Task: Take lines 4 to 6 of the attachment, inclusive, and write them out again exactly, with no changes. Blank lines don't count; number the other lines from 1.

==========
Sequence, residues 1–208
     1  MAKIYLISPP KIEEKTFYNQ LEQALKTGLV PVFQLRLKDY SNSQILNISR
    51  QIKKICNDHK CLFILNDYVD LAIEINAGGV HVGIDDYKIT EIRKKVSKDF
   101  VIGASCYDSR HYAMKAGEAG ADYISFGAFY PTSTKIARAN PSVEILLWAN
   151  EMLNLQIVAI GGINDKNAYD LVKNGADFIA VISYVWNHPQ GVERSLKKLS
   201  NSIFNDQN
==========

   101  VIGASCYDSR HYAMKAGEAG ADYISFGAFY PTSTKIARAN PSVEILLWAN
   151  EMLNLQIVAI GGINDKNAYD LVKNGADFIA VISYVWNHPQ GVERSLKKLS
   201  NSIFNDQN